A review of the way that the Drivers and Vehicle Licensing Agency operates has suggested that older drivers should be able to continue behind the wheel for an additional ten years before they have to renew their licence.
The Department for Transport report says that pensioners should be allowed to continue driving until they are 80 in order to save money and make the DVLA more efficient.
However, safety campaigners warn the move could cost lives and insisted that regulations for older drivers should be strengthened, not relaxed. Keep reading to find out more.
Age limit for driving licence renewal should be raised to 80
The Daily Mail reports that the DVLA is ‘groaning under the weight of renewal applications from pensioners who still want to drive in their 70s’. A new review by the Department for Transport (DfT) has argued for the age limit to be raised ‘to reduce the burden of regulation.’
Currently, you have to send your driving licence to be renewed when you reach 70. You must declare if you have any medical conditions which could affect your driving, and you have to confirm that you can still read a number plate at 65 feet. After 70, you must reapply every three years to keep driving.
Now, though, an aging population who still want to drive is resulting in a flood of renewal applications to the DVLA. Almost 60 per cent of over 70s now drive – up 15 per cent from 1975.
Number of driving licence renewal assessments is up more than 50%!
And, over the past ten years, the number of drivers the DVLA medically assesses has jumped more than 50 per cent, from under 500,000 to 750,000 per year.
Mary Reilly, a non-executive director of the DfT, who was asked by ministers to write the review, said that the DVLA, which costs £420million a year to run, must become ‘significantly more efficient, and provide better value for money’.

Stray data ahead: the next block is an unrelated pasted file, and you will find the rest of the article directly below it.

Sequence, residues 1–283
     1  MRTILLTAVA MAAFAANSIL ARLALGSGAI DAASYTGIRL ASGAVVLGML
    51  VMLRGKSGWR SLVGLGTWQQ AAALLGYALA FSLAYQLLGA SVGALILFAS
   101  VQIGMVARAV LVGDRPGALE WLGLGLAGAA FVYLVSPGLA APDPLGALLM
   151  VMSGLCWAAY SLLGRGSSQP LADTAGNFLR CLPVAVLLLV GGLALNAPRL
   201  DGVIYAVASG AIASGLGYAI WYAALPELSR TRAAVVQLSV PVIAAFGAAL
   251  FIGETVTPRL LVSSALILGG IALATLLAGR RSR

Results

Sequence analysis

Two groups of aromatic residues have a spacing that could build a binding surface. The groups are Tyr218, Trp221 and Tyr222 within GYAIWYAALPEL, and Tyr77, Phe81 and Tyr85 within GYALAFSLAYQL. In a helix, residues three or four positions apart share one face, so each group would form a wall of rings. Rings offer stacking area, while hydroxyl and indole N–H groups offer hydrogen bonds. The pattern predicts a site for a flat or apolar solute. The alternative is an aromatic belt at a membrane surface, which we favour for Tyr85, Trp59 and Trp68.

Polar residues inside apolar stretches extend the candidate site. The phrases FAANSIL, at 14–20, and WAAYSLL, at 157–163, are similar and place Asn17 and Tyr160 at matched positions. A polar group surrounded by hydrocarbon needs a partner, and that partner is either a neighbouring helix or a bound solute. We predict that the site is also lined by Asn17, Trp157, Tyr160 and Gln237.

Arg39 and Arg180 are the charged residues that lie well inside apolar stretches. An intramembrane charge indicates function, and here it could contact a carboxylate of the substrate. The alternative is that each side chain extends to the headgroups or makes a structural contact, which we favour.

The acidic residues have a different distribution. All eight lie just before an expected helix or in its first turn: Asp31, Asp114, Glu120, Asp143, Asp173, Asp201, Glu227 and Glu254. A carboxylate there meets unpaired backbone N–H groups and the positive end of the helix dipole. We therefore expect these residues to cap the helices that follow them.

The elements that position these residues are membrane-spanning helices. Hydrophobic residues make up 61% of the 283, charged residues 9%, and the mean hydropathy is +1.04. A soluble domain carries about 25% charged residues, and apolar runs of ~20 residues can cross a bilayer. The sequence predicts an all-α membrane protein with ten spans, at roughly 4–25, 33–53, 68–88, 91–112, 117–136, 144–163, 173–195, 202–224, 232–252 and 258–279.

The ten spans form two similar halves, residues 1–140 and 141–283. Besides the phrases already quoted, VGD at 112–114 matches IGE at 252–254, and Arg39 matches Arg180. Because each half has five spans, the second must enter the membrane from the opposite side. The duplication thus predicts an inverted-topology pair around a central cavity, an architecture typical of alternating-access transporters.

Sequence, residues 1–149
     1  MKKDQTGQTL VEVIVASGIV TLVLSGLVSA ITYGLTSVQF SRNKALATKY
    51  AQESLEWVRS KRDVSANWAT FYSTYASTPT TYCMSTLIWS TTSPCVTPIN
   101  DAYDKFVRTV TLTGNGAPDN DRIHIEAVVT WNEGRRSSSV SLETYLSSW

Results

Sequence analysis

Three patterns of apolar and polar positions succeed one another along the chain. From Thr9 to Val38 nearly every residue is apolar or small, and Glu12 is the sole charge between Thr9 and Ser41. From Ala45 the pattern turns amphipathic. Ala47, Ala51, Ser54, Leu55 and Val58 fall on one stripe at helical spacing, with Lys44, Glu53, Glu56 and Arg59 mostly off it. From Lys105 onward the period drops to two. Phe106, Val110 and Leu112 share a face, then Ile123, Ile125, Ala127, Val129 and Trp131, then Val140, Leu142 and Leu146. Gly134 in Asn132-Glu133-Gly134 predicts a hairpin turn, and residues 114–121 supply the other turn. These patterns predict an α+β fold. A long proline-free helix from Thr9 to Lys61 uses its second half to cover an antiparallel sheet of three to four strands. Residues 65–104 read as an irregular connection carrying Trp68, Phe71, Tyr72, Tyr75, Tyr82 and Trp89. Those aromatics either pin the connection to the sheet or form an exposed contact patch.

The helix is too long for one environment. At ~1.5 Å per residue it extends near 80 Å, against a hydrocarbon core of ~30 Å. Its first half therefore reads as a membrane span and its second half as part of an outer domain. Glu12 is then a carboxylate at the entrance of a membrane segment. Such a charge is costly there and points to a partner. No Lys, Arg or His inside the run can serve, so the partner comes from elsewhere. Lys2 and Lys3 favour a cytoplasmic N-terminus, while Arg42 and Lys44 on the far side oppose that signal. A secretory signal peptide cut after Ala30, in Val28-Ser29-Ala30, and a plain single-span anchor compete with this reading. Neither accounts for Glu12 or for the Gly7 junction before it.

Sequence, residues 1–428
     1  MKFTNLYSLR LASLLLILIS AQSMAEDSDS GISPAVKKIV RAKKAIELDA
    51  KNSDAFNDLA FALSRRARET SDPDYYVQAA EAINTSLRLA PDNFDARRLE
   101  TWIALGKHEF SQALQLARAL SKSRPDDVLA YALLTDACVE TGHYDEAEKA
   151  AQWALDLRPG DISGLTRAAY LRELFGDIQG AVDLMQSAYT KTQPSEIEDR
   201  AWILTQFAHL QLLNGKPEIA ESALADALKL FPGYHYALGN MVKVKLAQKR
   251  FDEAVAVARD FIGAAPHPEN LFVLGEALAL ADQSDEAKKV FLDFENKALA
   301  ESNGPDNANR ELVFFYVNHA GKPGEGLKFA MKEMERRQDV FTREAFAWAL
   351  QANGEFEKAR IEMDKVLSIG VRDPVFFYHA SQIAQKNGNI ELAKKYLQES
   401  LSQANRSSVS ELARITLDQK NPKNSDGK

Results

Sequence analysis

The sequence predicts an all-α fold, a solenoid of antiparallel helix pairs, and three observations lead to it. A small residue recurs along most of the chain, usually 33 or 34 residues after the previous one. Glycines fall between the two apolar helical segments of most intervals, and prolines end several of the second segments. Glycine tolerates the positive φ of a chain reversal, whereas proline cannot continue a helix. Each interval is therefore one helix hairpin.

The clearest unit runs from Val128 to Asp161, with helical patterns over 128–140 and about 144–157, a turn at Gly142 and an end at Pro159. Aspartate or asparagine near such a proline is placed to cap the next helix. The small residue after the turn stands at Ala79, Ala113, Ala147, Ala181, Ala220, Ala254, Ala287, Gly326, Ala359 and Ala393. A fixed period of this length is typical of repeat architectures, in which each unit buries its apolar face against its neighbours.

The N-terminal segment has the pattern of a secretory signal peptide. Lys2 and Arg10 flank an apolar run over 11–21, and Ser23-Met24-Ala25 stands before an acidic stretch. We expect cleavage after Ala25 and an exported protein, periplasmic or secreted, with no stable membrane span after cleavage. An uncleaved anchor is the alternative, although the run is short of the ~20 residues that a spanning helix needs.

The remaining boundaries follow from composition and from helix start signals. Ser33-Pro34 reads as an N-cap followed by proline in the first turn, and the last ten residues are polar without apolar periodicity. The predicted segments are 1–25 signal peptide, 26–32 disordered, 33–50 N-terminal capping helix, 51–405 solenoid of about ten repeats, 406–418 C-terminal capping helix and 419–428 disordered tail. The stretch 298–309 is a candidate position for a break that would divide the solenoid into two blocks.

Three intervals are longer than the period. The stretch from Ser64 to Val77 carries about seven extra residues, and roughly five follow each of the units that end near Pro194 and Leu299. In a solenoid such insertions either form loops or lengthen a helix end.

She said that raising the renewal age could relieve pressure on the DVLA ‘with little or no impact on road safety’. ‘A number of European countries renew driving licences at age 80 or have no limit at all. Early analysis of information held by DVLA suggests this could be introduced with little or no impact on road safety.’
Safety campaigners warn of more accidents and road deaths
While the initiative could save money, road safety organisations have warned that the move could lead to more accidents and deaths on Britain’s roads. A report published last year by the RAC and Transport Research Laboratory found ten per cent of Britain’s four million drivers over 70 were not fit to be behind the wheel.
Kevin Clinton, of the Royal Society for the Prevention of Accidents, said: “Changing the renewal age from 70 to 80 should only be done on the basis of evidence that this would not increase risk.”
Julie Townsend, deputy chief executive of road safety charity Brake, said: “It is concerning the Department for Transport is considering raising the age for licence renewal: regulation that’s in place for good reason.
“At this age, conditions that can significantly impair your ability to drive safely become much more common, so it’s essential we have robust procedures to ensure older drivers are not inadvertently putting themselves and others in grave danger.
“Licence renewal prompts older drivers to check and self-certify they are fit to drive. Brake is calling on government to strengthen fitness to drive regulation to help prevent needless tragedies, such as through compulsory eyesight testing throughout your driving career and health checks for older drivers.”
A DfT spokesman said: “The review of the DVLA has made several recommendations to improve the efficiency of the service. Any change to the current driving licence renewal age would require extensive consultation and no decisions have been made.”